Exclusive: Nuke Cheating Scandal Puts Promotions for Air Force Brass on Ice

The widening cheating scandal roiling the Air Force’s nuclear force has put all of the promotions for its senior officers on hold, including at least one colonel who had been nominated to become a general officer, Foreign Policy has learned. Col. Robert Stanley (pictured above at left), the commander of the 341st Missile Wing at ...

Air Force photos
Air Force photos
Air Force photos

The widening cheating scandal roiling the Air Force's nuclear force has put all of the promotions for its senior officers on hold, including at least one colonel who had been nominated to become a general officer, Foreign Policy has learned.

Col. Robert Stanley (pictured above at left), the commander of the 341st Missile Wing at Malmstrom Air Force Base in Montana, has been nominated to pin on a star and become a brigadier general, but still needs confirmation by the Senate. His command - which operates nuclear intercontinental ballistic missiles -- finds itself squarely at the center of a scandal in which at least 34 of the estimated 190 nuclear officers at Malmstrom either cheated on a monthly launch officer proficiency test, or knew colleagues had gamed the system and did nothing. The Associated Press reported Wednesday that investigators now believe closer to 70 officers may be involved. Two Air Force officials declined to confirm that figure in interviews with FP on Thursday, but one acknowledged that the number of officers ensnared in the scandal was indeed higher than 34.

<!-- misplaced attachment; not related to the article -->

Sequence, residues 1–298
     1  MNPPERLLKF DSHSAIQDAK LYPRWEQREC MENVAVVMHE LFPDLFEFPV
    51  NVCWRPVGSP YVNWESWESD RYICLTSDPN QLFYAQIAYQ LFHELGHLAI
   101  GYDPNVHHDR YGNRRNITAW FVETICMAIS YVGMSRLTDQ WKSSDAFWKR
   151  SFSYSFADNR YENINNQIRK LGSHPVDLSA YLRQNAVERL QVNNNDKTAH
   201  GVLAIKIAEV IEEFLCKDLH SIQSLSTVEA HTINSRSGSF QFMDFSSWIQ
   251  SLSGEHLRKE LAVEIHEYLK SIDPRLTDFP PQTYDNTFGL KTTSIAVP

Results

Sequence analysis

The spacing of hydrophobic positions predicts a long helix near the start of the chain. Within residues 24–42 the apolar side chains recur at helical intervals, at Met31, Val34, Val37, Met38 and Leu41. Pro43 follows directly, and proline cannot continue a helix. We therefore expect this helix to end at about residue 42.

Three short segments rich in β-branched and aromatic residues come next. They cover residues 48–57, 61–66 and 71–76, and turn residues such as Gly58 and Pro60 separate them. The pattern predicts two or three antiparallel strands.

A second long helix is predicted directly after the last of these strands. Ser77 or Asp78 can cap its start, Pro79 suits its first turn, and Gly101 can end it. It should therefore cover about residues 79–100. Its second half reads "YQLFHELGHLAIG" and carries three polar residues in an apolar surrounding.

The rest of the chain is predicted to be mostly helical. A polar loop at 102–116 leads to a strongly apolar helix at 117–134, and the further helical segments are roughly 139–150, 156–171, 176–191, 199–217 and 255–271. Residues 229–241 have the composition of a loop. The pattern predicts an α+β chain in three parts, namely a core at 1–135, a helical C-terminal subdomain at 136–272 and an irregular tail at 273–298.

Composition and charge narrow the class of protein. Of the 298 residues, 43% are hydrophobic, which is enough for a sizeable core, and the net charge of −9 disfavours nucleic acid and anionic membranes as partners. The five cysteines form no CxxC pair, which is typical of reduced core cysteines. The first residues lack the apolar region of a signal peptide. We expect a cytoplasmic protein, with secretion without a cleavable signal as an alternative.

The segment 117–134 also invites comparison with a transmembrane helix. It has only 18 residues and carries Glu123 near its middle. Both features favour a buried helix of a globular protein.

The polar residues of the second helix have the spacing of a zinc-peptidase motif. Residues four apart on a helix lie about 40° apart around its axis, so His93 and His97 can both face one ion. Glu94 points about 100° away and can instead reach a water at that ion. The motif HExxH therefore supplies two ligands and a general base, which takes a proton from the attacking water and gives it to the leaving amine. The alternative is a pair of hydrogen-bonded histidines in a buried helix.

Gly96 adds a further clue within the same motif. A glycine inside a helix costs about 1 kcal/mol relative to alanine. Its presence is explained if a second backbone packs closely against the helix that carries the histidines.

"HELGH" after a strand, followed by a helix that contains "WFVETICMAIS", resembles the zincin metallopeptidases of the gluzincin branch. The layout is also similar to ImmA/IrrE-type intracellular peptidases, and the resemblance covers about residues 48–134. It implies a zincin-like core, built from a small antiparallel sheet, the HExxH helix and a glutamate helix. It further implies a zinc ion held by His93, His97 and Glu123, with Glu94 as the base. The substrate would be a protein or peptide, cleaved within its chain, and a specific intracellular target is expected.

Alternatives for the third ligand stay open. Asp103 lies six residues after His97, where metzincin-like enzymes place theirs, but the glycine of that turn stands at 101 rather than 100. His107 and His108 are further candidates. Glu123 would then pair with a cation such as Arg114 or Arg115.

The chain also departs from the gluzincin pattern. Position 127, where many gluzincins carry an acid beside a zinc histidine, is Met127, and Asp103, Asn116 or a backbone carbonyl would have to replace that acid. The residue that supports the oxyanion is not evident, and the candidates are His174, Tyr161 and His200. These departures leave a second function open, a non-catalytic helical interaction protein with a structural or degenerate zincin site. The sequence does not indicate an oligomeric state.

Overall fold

Stanley isn't the only senior officer at Malmstrom whose career is hanging in the balance. Col. Mark Schuler, commander of the 341st Operations Group at Malmstrom, was slated to take command of the 91st Missile Wing at Minot Air Force Base in North Dakota later this year, a congressional source told FP. That move would not come with a promotion in rank, but is widely seen in the nuclear force as a career advancement that would put Schuler (pictured above at right) on track to become a general officer later. His command is part of the 341st Missile Wing, and is directly responsible for the test administrators and students who were caught cheating, according to a former missilier with knowledge of the 341st.

The widening cheating scandal roiling the Air Force’s nuclear force has put all of the promotions for its senior officers on hold, including at least one colonel who had been nominated to become a general officer, Foreign Policy has learned.

Col. Robert Stanley (pictured above at left), the commander of the 341st Missile Wing at Malmstrom Air Force Base in Montana, has been nominated to pin on a star and become a brigadier general, but still needs confirmation by the Senate. His command – which operates nuclear intercontinental ballistic missiles — finds itself squarely at the center of a scandal in which at least 34 of the estimated 190 nuclear officers at Malmstrom either cheated on a monthly launch officer proficiency test, or knew colleagues had gamed the system and did nothing. The Associated Press reported Wednesday that investigators now believe closer to 70 officers may be involved. Two Air Force officials declined to confirm that figure in interviews with FP on Thursday, but one acknowledged that the number of officers ensnared in the scandal was indeed higher than 34.